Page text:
I regained some minor independence, nearly three years to the date of when I became chronically ill and disabled. I stopped driving due to cognitive abilities and overstimulation and sold my car with sadness. Invisible disability is challenging, nobody else sees it. From my perspective mobility aids are life savers, like a bright orange life saving ring, which are aptly called life saving devices. Are mobility aids not a life saving device ? My mobility scooter was scheduled in 2020 when I was diagnosed with severe ME and declared disabled by my specialist. It was put on hold when the pandemic hit and celebrated dearly when it arrived after a years wait.
Today I scooted about in the front street of my house, covering ground like I did as a young child on my bike. I am working on names for my mobility scooter which I will get back to you with. I should tell you I went from slow too fast, down inclines, up curbs to the side walk, did tight circles and just like that I had my independence back. Out there with the wind in my hair, sun on my face not relying on another human for support and care, doing it by myself. Just like I always did, independent Jane is back. I look forward to my small adventures with my scooter, but mostly after three long years I look forward to walking the dogs with Brandon as a family again. I am woman here me roar, if I have to I can do anything.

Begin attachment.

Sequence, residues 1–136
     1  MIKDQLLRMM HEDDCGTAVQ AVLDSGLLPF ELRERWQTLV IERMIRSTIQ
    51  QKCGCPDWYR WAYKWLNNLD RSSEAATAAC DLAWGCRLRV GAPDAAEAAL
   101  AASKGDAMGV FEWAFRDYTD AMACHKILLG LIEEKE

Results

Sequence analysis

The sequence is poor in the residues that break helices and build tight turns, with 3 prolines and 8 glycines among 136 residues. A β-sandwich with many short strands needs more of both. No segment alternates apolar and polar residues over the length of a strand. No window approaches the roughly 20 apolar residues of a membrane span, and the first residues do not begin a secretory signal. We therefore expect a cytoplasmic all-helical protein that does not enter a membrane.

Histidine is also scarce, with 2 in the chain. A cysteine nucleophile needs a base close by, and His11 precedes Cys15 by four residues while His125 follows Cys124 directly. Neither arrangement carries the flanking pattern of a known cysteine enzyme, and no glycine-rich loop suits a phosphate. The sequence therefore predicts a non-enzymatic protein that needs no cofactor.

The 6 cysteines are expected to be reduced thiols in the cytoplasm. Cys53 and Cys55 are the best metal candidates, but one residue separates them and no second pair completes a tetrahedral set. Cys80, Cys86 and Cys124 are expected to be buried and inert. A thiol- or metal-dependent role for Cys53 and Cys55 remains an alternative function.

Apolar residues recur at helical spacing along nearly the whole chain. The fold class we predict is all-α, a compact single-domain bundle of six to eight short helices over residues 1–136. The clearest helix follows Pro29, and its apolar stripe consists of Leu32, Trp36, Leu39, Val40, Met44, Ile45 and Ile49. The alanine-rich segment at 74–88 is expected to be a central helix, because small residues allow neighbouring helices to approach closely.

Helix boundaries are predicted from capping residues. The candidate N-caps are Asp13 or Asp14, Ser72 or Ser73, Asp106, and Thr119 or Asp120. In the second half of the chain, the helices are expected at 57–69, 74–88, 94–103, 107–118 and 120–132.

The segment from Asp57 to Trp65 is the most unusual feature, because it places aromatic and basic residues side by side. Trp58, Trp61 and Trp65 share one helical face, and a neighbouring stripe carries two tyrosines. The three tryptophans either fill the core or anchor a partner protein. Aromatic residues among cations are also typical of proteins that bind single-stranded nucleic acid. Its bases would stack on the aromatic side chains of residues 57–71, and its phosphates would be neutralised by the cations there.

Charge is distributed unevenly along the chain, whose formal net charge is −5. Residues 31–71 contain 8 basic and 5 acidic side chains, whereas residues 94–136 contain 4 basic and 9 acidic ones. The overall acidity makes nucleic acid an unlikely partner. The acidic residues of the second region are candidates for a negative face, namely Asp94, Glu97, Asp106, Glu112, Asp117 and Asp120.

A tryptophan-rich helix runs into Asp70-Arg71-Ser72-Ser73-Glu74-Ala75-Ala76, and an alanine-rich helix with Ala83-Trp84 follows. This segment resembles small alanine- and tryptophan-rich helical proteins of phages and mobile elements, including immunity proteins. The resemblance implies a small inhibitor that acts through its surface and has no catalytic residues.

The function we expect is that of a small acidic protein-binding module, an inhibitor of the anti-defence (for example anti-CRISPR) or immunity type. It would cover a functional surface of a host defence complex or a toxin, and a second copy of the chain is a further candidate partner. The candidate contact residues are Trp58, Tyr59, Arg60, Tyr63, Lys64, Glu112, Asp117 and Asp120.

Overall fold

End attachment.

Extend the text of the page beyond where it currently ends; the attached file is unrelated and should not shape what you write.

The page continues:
Whoa, yes, I am wise
But it’s wisdom born of pain
Yes, I’ve paid the price
But look how much I gained
If I have to I can do anything
I am strong (strong)
I am invincible (invincible)
I am woman
~ Helen Reddy
Blog no. 8
5 thoughts on “I Am Woman I Can Do Anything”
It’s great that your mobility scooter has finally arrived. Yes, mobility aids are a marvel. I really relied on my zimmer frame when I was recovering from my broken leg. I used to marvel at its genius design (and how essential it was for me). I will never taken mobility for granted again and I am grateful every day for the fact that I can walk without the zimmer frame – even if I cannot walk where I would like to due to lockdown.
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They are awesome. My favourite is my seat in my shower, when my specialist said I needed one for a variety of reasons I was like, YES! A lifesaver truly.
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Ah the joy of safely having a shower (rather than a bath you might not be able to get back out of)!
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You have definitely written a lot for people to think about. I am very happy for you that you now have your scooter and will be able to get out more and more, even it is just in your local neighbour hood for now. When the pandemic is over, hopefully it will provide you with the ability to experience that much more than you have been able to in the last little while. Take good care.
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Thanks Val, lots to think about is good.